Hunters Woods Student Wins $1,000

Hunters Woods Student Wins $1,000

Caitlin Kim’s picture of “healthy living” takes first place.

“Wow,” said several students in Lisa Foley’s art class Monday morning. They had just learned that their classmate, Caitlin Kim, had received $1,000 for placing first in an art contest.

Caitlin, a 10-year-old in the fourth grade at Hunters Woods Elementary School, took home $500 of the award, while the other half was donated to her school.

Celebrating its 75th Anniversary, the American Academy of Pediatrics conducted the nationwide art contest, attracting more than 1,300 entries, including Caitlin’s. A third-grader at the time, Caitlin submitted her entry last summer. In October, Caitlin, an Oakton resident, heard that her art had received the first place award in the grade 3-5 category.

“It was cool,” said Caitlin of winning the award. Her entry was a picture of a young girl looking upward through binoculars and seeing several views of healthy living.

Last month, Caitlin was recognized at the 2005 AAP National Conference and Exhibition at the Washington Convention Center in Washington, D.C. During the conference, AAP President Carol Berkowitz presented the $500 check to Caitlin.

“There’s lots of ways to be healthy,” said Caitlin, describing her inspiration for her entry. “[My picture] shows that people can be healthy in lots of different ways.”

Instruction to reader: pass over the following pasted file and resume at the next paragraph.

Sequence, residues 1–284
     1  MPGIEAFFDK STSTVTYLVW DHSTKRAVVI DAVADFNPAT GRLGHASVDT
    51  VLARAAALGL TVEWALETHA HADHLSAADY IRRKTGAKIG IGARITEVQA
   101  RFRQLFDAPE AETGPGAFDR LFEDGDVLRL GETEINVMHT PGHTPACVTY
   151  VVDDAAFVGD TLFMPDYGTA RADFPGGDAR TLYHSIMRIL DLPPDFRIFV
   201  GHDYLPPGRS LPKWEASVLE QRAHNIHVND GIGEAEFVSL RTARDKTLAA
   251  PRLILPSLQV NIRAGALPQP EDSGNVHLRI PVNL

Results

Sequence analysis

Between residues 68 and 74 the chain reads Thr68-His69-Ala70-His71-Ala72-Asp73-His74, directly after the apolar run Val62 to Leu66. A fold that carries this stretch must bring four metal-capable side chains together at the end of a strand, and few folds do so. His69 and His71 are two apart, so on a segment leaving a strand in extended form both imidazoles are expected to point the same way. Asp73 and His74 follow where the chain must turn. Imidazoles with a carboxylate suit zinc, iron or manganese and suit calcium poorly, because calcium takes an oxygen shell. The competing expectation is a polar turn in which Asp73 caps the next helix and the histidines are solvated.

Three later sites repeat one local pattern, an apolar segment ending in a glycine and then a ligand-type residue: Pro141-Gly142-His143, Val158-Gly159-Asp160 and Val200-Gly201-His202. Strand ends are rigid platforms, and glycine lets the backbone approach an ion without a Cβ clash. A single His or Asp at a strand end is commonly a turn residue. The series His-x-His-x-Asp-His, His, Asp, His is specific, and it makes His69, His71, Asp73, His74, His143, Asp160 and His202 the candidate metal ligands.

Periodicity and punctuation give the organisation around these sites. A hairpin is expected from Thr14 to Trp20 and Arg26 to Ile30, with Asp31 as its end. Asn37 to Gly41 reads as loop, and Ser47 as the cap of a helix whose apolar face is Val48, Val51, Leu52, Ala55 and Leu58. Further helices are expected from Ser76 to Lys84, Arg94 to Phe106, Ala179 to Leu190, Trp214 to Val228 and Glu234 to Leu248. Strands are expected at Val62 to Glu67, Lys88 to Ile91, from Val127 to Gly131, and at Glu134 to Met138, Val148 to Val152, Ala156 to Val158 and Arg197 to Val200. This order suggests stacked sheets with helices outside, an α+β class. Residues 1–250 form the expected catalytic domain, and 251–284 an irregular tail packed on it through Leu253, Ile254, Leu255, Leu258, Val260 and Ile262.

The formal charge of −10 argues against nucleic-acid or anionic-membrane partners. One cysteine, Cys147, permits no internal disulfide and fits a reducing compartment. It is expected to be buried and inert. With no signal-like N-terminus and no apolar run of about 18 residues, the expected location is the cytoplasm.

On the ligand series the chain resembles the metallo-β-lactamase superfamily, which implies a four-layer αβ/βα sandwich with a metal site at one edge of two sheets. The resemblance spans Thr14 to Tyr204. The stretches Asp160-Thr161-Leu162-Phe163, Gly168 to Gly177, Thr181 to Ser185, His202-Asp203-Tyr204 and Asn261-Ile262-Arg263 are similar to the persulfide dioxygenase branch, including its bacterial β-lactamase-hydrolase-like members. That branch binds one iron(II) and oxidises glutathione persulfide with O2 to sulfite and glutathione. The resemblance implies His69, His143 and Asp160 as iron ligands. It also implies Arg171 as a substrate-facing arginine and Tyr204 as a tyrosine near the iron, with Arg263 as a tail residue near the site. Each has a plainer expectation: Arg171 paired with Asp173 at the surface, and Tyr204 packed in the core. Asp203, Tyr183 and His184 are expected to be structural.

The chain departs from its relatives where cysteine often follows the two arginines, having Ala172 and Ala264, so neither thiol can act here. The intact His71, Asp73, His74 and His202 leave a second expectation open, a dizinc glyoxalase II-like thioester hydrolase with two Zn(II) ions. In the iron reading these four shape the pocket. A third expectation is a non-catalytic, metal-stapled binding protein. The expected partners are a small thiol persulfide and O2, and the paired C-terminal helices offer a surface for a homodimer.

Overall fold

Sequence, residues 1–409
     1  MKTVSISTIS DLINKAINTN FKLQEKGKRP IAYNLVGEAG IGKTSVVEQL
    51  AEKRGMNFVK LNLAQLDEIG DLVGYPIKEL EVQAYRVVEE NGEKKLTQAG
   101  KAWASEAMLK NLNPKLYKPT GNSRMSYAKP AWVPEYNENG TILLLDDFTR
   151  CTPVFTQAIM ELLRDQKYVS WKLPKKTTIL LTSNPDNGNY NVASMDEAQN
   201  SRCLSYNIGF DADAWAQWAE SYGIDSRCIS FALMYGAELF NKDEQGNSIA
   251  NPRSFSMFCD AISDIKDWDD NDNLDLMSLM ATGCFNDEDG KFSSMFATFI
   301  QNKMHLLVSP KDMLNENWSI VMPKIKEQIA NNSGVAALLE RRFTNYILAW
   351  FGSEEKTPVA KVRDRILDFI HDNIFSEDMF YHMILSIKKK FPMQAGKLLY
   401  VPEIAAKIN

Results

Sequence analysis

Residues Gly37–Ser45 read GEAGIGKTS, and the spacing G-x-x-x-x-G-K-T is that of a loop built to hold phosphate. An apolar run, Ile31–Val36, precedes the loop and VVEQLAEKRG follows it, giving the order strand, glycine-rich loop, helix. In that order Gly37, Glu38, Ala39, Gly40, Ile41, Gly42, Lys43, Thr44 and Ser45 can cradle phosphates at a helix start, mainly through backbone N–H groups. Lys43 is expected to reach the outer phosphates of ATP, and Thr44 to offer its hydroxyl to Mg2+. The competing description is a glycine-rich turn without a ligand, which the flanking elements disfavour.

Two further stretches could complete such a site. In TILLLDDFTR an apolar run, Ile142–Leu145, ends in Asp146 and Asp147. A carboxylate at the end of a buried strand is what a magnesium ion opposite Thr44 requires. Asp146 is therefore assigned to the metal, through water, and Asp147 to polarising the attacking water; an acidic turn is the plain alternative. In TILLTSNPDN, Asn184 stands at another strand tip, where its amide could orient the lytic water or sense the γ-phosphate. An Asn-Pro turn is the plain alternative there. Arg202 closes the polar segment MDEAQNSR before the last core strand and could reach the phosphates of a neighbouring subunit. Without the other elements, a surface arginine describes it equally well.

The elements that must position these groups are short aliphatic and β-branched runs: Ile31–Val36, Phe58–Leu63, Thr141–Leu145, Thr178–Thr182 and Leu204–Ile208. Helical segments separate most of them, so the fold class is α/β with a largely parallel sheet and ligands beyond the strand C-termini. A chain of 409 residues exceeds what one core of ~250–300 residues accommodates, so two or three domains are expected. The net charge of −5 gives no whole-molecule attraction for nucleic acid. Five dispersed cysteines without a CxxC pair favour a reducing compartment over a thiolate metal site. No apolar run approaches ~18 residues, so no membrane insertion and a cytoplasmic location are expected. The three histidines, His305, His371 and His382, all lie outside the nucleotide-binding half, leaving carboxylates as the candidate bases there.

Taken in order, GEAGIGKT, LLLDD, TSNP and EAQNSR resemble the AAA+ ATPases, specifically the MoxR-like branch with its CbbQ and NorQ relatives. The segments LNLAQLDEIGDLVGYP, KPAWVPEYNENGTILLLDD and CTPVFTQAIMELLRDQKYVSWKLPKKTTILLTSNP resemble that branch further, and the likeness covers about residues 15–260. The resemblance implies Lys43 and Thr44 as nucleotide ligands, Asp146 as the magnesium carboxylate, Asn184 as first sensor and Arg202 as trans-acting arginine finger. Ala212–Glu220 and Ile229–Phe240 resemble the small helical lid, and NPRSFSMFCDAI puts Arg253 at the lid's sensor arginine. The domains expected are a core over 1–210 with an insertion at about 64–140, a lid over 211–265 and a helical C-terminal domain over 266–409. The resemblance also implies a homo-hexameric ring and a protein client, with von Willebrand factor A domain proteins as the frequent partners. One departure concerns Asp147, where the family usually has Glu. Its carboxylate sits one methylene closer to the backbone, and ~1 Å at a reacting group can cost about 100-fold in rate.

Doing art for fun, Caitlin admitted that she was surprised to find out she won.

“We were just ecstatic,” said Christina Kim, Caitlin’s mother. “We’re very proud of her.”

Kim said they heard about the contest from Caitlin’s art instructor at Young’s Art Studio. “We were totally shocked,” said Kim. “We had no idea that she had a chance because it was a national competition.”

Caitlin’s talents, however, are well known at school. “She’s an excellent art student,” said Foley, who has taught Caitlin for two years. “She’s extremely hardworking and she always goes above and beyond.”

Foley said that because of Caitlin, the school’s art department now has the opportunity to think about funding art projects and supplies that wouldn’t normally be available.

Caitlin, who’s still enjoying her win, said she still hasn’t decided what to do with her award money